Architectural Record BE - Building Enclosure

Specifying Air Barrier Membranes that Comply with Building Code Fire Safety Provisions

This course is no longer active
Sponsored by Carlisle Coatings & Waterproofing, Incorporated
Continuing Education

Learning Objectives - After this course, you should be able to:

  1. %IExplain why air barrier membranes and foam insulation are beneficial for use in wall assemblies.
  2. %IList the 6 basic elements of fire safety in building construction
  3. %IExplain the material and assembly properties evaluated by ASTM E 119, ASTM E 84 and NFPA 285
  4. %IKnow where IBC requires NFPA 285, and explain the effects of this requirement on material and wall assembly burn performance
  5. %IDraft specification language for fire resistant air barrier membranes and wall assemblies that comply with fire safety provisions of IBC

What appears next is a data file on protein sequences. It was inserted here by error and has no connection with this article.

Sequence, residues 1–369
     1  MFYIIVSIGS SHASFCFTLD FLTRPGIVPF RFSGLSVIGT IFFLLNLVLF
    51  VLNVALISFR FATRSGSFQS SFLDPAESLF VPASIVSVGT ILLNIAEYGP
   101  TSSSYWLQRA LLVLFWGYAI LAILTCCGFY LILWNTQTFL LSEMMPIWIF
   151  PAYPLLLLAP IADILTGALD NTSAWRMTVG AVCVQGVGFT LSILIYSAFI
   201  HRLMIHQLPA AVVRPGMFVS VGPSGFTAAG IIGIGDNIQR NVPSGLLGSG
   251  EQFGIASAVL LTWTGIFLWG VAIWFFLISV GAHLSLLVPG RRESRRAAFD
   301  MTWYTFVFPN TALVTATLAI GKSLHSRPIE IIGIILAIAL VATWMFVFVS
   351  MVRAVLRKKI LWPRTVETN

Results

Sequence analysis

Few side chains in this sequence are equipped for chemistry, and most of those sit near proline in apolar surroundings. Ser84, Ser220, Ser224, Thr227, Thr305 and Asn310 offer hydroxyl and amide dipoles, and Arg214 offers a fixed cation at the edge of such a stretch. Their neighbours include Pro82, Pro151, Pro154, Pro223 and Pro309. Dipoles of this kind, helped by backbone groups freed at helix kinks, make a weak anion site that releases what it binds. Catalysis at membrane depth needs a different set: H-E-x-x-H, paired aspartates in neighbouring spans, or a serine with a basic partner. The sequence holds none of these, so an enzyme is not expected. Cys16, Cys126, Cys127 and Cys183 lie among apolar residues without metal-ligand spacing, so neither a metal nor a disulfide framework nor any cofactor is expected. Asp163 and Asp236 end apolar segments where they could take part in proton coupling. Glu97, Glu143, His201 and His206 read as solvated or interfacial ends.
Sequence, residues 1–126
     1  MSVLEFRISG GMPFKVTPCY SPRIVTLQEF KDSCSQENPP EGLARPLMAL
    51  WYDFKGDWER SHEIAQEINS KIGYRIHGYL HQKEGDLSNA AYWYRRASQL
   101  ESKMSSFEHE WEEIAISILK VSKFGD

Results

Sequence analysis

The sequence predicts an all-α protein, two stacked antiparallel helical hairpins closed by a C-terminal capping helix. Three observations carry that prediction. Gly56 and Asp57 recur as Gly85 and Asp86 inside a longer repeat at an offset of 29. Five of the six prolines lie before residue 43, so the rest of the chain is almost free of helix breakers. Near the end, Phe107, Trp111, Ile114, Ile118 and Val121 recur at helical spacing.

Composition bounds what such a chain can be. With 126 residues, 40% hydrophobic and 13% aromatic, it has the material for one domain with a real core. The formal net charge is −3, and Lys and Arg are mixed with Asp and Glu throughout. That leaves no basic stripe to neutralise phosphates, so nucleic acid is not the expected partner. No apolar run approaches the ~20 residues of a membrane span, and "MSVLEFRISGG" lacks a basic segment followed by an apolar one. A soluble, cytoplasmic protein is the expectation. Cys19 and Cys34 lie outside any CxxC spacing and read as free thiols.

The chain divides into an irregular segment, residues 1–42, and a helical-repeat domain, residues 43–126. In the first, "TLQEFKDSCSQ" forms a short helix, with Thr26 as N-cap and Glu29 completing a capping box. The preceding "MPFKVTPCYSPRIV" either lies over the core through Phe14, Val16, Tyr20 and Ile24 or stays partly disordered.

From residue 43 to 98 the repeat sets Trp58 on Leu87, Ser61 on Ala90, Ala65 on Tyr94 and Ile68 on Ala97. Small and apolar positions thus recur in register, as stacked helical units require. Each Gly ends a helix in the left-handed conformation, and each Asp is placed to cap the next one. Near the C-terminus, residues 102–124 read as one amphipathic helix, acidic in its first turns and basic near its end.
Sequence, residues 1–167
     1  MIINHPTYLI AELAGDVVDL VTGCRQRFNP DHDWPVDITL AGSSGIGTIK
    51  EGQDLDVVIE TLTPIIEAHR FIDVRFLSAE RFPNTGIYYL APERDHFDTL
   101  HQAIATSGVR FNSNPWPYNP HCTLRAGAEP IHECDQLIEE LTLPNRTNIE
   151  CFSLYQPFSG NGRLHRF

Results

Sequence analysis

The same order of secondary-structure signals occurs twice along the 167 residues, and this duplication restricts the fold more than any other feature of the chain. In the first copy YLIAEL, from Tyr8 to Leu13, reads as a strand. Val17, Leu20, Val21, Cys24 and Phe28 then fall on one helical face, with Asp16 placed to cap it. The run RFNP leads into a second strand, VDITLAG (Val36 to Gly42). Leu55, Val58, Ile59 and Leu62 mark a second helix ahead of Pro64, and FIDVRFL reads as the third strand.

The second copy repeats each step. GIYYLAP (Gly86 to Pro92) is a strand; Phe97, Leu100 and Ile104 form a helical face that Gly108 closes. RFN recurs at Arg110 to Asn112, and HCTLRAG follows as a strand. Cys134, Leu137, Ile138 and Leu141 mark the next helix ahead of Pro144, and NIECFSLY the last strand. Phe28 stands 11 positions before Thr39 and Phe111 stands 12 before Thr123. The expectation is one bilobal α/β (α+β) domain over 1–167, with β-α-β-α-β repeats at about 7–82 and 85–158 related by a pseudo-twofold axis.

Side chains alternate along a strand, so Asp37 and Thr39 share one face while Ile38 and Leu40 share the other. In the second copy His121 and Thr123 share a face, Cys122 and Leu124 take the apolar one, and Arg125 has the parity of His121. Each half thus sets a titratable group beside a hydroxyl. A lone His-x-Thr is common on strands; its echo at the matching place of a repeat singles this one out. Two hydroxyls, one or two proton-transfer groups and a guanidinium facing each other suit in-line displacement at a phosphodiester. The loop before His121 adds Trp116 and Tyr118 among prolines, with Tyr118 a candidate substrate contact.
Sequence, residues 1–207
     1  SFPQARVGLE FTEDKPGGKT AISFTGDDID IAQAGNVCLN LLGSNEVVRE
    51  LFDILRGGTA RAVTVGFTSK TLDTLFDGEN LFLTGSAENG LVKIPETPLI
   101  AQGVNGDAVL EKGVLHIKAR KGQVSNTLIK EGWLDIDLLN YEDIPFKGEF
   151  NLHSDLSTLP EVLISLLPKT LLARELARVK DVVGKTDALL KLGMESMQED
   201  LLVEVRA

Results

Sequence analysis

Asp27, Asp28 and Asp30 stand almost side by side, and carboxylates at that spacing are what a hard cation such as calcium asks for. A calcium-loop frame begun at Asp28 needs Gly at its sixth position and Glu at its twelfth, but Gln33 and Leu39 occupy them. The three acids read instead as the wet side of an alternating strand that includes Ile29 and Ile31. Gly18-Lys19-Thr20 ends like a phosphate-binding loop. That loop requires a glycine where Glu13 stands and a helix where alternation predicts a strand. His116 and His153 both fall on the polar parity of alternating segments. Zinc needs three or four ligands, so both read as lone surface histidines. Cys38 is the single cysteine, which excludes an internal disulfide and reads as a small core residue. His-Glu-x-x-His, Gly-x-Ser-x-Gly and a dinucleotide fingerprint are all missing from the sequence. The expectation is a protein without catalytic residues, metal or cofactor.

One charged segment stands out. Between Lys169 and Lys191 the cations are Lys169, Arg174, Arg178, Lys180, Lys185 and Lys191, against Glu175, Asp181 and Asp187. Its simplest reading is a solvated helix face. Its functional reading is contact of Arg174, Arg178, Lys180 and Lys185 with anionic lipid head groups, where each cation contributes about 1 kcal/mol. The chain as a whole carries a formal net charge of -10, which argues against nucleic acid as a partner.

When projects call for an airtight building envelope, designers typically choose 40-mil-thick sheet membranes made from rubberized asphalt or synthetic rubber. The same qualities that make these membranes superior water and vapor barriers also make them highly flammable. Significant changes in the 2012 editions of the International Building Code (IBC) and the International Fire Code (IFC) require new wall assemblies containing plastic foam insulation and combustible weather barriers to pass the key standard NFPA 285. Until now designers faced a dilemma: do they specify wall assemblies containing the most energy-efficient air and vapor barriers, or do they specify wall assemblies that can pass the NFPA fire test? This course focuses on the changes in codes and standards, and on new products that bring to the building envelope the same thermal barrier technology developed by NASA and used by soldiers, firefighters and race care drivers. These highly effective air and vapor barriers combine energy efficiency and state of the art fire resistance to meet stringent new codes and provide increased safety for the life of the building.